The head of the fish is claimed to be a carp, but it looks exactly like a bird, which causes people to discuss continually – archeology and animals Blog

Myth Busters: Sucker Edition

On the President’s Day holiday, I stood on a foot bridge overlooking crystal-clear springs, fishing for largescale suckers.

It was part of my New Year’s resolution to expand my angling horizons – to gain a greater appreciation for other species beyond the usual rainbow and brown trout. I’m a naturalist with a fly rod. Fishing is my means of exploring the underwater realm.

It was a beautiful day to be in the Thousand Springs region of Idaho, enjoying springs protected by The Nature Conservancy. The suckers were highly visible; large fish congregated by the dozens.

But my sucker reverie was soon interrupted. Within minutes two different people approached me to share their sucker knowledge. Like they had a compulsion to do so.

“We call them pike minnows, or carp. They’re invasive.”

Three strikes here.

This highlights a big problem with fish conservation: Most people don’t really know fish. Anglers included.

Aside from some common game species, most are happy to lump everything else together. Like my new friend.

His short comment was filled with error. To boot: Suckers are not pike minnows, native fish with an image problem of their own. (They’re blamed for declining salmon runs, never mind dams).

They definitely aren’t carp, which actually are non-native species. Suckers are not invasive: 78 of the some 80 species in the sucker family, Catostomidae, are found exclusively in North America.

I barely had time to respond when another visitor approached.

“Fishing for suckers, huh? Well, I don’t think you’re going to catch them here. The water’s too clean. They only live in polluted streams. They eat garbage. That’s what I heard.”

OK, let’s think about this carefully for a second:

The. Water. Is. Too. Clean.

Here we must confront the most common of sucker myths: that this is a fish so vile it actually needs our pollution, our sediment, our trash.

And it’s totally, completely, 100 percent wrong. If you think about it, it makes no sense. No fish needs dirty water, after all – not even carp.

For many sucker species, it’s quite the opposite. They need the purest, cleanest water. They need healthy river habitats. They need free-flowing stream so they can make their spring spawning run – just like other, more celebrated migratory fish.

The sucker, ultimately, is the perfect symbol for healthy rivers and fisheries. So why do the myths persist? The answer lies in angling culture and its own cherished mythology.

The Fishy Truth About Recreational Fishing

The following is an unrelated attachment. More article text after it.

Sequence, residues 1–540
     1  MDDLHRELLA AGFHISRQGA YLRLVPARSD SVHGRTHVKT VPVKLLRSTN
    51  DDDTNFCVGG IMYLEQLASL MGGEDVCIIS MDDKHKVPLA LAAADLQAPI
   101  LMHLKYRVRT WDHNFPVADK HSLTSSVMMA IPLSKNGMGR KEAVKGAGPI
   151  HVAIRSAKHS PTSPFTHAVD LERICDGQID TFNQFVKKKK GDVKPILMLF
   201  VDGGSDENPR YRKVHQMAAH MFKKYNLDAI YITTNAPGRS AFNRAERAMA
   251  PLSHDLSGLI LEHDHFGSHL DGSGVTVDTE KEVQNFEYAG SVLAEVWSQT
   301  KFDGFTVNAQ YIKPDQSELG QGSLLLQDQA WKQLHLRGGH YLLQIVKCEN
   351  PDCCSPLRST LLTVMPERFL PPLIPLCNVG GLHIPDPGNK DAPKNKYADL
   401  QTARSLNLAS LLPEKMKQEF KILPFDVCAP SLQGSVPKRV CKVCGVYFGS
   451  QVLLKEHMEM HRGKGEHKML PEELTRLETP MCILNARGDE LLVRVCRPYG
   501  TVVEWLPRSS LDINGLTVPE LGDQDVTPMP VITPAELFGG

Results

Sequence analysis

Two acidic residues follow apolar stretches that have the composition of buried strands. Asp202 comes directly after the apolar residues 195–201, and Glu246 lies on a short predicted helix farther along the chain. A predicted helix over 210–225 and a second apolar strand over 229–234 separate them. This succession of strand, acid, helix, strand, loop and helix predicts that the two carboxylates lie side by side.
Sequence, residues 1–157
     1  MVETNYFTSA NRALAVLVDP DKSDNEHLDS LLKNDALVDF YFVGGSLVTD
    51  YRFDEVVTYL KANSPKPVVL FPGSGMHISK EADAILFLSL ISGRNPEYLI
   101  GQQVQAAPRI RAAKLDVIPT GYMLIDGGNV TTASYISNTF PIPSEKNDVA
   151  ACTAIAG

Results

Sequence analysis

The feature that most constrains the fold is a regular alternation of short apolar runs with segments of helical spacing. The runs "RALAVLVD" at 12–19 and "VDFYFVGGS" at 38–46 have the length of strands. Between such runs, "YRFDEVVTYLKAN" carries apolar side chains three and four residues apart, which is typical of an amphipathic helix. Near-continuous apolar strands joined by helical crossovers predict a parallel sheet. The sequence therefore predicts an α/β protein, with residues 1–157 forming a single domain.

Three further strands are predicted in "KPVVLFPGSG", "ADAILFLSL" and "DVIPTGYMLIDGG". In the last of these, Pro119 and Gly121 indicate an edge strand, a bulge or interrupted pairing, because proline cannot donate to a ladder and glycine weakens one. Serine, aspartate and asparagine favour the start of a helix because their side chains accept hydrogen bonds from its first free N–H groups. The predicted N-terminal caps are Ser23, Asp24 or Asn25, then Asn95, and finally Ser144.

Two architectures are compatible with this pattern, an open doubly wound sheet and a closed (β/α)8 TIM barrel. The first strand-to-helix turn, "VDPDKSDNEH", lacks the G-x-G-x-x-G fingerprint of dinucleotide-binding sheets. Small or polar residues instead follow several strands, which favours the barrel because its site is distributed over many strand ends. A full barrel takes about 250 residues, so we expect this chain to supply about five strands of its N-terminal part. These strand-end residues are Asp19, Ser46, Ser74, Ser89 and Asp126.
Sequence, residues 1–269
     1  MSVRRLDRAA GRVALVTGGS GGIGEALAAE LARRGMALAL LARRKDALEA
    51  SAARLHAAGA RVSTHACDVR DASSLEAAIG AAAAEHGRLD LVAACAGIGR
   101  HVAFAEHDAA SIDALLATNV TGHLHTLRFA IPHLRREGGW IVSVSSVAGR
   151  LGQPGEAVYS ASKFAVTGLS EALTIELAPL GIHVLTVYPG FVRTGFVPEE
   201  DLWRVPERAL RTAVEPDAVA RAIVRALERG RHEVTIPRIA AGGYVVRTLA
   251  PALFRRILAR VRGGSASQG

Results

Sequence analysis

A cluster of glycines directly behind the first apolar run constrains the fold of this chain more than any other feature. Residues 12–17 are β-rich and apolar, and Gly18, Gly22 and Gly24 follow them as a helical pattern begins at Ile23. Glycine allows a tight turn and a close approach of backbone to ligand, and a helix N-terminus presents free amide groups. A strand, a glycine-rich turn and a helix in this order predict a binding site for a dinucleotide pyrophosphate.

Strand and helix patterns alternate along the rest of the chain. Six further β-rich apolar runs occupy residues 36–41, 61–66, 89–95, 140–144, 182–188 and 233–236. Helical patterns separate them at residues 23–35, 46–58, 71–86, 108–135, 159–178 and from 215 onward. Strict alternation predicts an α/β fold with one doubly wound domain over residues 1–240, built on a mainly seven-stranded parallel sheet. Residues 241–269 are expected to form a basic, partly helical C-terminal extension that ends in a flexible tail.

Anglers are fond of their conservation achievements, and rightly so. They point out that they are often the people who know rivers best, and thus are uniquely positioned to defend them. See the fight to protect Bristol Bay for a dramatic illustration of this.

The literature of angling is heavily populated with certain themes: respect for fish, for rivers, for nature.

Sometimes trout fishing can be portrayed as an almost transcendental activity. No clear line between religion and fly fishing and all that.

Many anglers do genuinely love native fish and natural habitats, too. Nonetheless, closer examination of angling history reveals murkier waters.

Recreational anglers have often been the most enthusiastic purveyors of non-native species, spreading the same usual suspects – rainbow and brown trout, largemouth bass, walleye – hither and yon, with no regard for local ecology.

Truth be told, some anglers would rather follow a hatchery truck filled with domestic trout than learn stream ecology.

But more to the point here, there is a long tradition of creating fish villains: any species perceived to feed on precious trout and bass.

“A Good Slice to the Belly”

Sadly, this viewpoint still persists. Consider the comments on an Idaho fishing forum concerning what you should do if you catch a sucker:

“Kill and through [sic] back.”

“If you catch them while trying to catch trout of coarse [sic] they are in direct competition with the trout. They eat the same thing. There is only so much food and if the suckers are eating it. Less food for the trout.”

Comments like this make me sick, and not because of the massacre of the English language.

Don’t pass this off as just the online rantings of vigilante anglers. In some lakes, tiger muskies — a hatchery-produced hybrid — are introduced specifically to control suckers. The reason? So hatchery trout don’t have competition.

Freshwater Pandas???

At this point, some readers will invariably identify me, as an avid angler, as part of the problem.

Some think we should just leave wildlife alone, all the time — a comment I receive a lot when writing about interacting with wildlife.

Fair enough. Still, even if you never go fishing, you’re (pardon the pun) not off the hook.

The fishing community has often been antagonistic about suckers, but the non-angling community hasn’t been much better.

There is truth in the idea that protecting something starts with knowing and loving it. We need people defending rivers and freshwater habitats.

The Rough Fish Brigade

That’s a great trend. But an often unheralded group of angler-conservationists is taking it farther: celebrating all native fish species.

Calling themselves rough fishers, they go crazy for suckers and species derided by others as “trash fish.” They rightly recognize them as interesting angling quarry, true, but also recognize that these fish need conservation attention.

They rail against misguided fishery policy that treats these species as competitors to “game” fish. They encourage young anglers to respect and protect all fish species.

 

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